By Paul McNamee — Captain, Frontier Partisans New England Ranging Company
Once again, I find myself south of the border. In this case, trudging into the Central American jungle in search of the “Lost City of the Monkey God,” a.k.a. “Cuidad Blanca”— the White City. Douglas Preston, who is probably more famous for his fiction co-writes with Lincoln Child, delivers a nearly modern-day jungle pulp adventure with his non-fiction chronicle, The Lost City of the Monkey God (2017.)
Deep in the Mosquitia region of Honduras, there was a long-rumored “lost city,” with all its attendant fables of gold, and curses. The Lost City of the Monkey God not only chronicles a modern expedition but delivers the history of the region and the fabled lost city.
In 1940, Theodore Morde, of New Bedford, Massachusetts, a man from an old whaling family, explored the region and claimed to have seen the lost city with his own eyes. He conveniently would not reveal the location for fear of looters. He got caught up in World War Two, never returned to Honduras, and committed suicide in 1954. Preston’s research reveals it was all a lie. Morde had gone seeking gold, under the pretense of archaeology. Later, in 1959, a geologist named Sam Glassmire reversed the dynamic. Hired to prospect for gold, he searched for the lost city while he explored the region.
Enter the modern era, where Steve Elkins, cinematographer and explorer, puts together a modern expedition. As things go, there is a gap of years between his first meeting with Preston and when the expedition chronicled in the book (2015) occurs. The rise of lidar technology — using lasers to three dimensionally map out a landscape, allowed for discovering more likely “targets” of lost cities buried under the unrelenting growth of jungle rainforest.
Even in the modern age of lidar and GPS, pulp characters still appear — such as Bruce Heinicke, a tough brute, a “fixer,” a former smuggler (of drugs and looted artifacts,) who “made things happen” with Honduran government officials and others.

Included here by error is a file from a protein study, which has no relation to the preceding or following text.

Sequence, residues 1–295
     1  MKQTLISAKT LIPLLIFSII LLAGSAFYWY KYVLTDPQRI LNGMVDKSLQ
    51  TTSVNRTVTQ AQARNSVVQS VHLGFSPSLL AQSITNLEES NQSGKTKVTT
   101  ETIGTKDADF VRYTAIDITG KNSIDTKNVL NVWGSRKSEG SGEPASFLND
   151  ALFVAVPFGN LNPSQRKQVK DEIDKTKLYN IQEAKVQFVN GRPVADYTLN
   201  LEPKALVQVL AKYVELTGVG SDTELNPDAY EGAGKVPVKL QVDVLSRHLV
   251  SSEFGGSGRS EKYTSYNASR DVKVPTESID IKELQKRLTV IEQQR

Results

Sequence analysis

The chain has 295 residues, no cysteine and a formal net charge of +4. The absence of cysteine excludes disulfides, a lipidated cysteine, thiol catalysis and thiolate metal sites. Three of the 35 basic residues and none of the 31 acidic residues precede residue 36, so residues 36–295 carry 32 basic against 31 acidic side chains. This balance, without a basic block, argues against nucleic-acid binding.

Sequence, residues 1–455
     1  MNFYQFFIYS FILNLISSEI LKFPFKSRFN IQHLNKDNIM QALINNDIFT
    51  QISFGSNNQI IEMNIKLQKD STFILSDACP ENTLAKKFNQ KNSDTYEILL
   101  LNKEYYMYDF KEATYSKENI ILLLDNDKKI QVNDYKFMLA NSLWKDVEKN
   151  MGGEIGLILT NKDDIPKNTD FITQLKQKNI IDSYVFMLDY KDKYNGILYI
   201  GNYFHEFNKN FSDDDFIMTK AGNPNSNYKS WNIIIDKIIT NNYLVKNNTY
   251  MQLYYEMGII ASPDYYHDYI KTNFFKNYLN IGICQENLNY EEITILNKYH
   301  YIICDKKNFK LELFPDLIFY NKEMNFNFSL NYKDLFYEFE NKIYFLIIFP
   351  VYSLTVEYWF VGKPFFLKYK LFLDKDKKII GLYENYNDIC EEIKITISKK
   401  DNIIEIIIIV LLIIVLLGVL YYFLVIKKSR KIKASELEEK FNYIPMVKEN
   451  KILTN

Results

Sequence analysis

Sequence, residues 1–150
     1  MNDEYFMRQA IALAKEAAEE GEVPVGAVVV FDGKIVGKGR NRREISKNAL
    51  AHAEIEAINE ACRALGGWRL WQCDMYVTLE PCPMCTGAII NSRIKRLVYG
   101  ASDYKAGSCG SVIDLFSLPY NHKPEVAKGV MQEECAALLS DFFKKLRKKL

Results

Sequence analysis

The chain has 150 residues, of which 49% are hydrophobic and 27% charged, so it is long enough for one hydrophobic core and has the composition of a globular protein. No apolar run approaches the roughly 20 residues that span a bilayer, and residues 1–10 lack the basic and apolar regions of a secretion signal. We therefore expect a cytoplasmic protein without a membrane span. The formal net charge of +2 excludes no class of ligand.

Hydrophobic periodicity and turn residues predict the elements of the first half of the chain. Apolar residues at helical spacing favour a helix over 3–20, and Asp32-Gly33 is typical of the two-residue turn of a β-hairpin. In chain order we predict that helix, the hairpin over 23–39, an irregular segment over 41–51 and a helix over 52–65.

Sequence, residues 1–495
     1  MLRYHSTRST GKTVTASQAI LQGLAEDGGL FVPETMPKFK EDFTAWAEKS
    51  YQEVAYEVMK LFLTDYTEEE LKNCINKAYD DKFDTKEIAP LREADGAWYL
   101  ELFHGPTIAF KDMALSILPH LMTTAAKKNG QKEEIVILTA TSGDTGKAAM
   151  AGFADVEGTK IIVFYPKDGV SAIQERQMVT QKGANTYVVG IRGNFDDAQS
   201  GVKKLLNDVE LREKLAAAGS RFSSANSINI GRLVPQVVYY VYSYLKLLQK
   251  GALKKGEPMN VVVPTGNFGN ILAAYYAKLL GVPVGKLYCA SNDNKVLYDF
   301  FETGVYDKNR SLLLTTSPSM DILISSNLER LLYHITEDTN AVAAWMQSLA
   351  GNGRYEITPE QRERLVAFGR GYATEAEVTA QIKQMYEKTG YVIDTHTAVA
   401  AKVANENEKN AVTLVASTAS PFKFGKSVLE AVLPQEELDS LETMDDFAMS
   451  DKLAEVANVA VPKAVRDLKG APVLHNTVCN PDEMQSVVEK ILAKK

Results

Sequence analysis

Despite the advances of the modern era, going deep into the jungle still is fraught with as many dangers today as in the past. And there are the new wrinkles of drug smuggling operations often setting up in remote areas where they could possibly clash with explorers.
Initially, the scariest aspect of the jungle had to be the formidable and dangerous viper, the fer-de-lance. Six feet of venomous death, Preston encountered one his first night in camp. Though, the usual jungle fare was also present—biting insects, downpours, sucking mud, stalking jaguars. The one thing missing were natives — the area was uninhabited, and natives nearby shunned the area and spoke of curses.
Spoiler: the city is found. Mostly, they found foundation blocks that would have had wooden and earth structure built over them, which have long since rotted away. However, they also discovered an amazing cache of stone-carved artifacts, representing were-jaguars and vulture-men and other anthropological treasures.
Preston presents the question “what happened to these people?” and possible answers. The most likely being Old World disease.
In the end, the worst of the expedition’s fears were not artifact looting, deforestation, drug smuggling, vipers or jaguars. The worst was disease. The last fourth of the book chronicles the team’s discovery that they had all been exposed to virulent parasitic disease, leishmaniasis. The pathogen dates as far back to the dinosaurs. About half of the team came away with dangerous symptoms — symptoms that took months to appear. Ironically, given that the book was published in 2017, the book quotes Dr Anthony Fauci about the disease:
[He] told our team bluntly, that, by going into the jungle, and getting leishmaniasis, ‘You really got a cold jolt of what’s it’s like for the bottom billion people on earth.’
There is also a dire prediction, courtesy of the Bill & Melinda Gates Foundation, though the pathogen wound up being Covid-19:
The world’s last great pandemic was the Spanish Flu outbreak in 1918… If a pandemic like that were to happen again, it would spread faster and might be impossible to contain. … This is not scaremongering: Most epidemiologists believe such a pandemic will eventually happen.
Perhaps leishmaniasis is still awaiting its turn in the pandemic spotlight.
It seems that over the march of time the world will surely run out of new frontiers, and yet, here in the 21st century, there are still ‘lost’ cities being rediscovered. The Lost City of the Monkey God is a fascinating look at the history of the Mosquitia region, modern archaeology, and the logistics of a modern-day jungle expedition.
Recommended reading for Frontier Partisans, jungle pulp aficionados, and anyone with a taste for history and adventure.
(Paul McNamee is a fellow stalwart of the Robert E. Howard Shieldwall, a Patreon supporter of Frontier Partisans, and a reader, critic and writer of fantastic fiction. His latest book, “Hour of the Robot,” is available for preorder. For more information visit http://paulmcnamee.blogspot.com)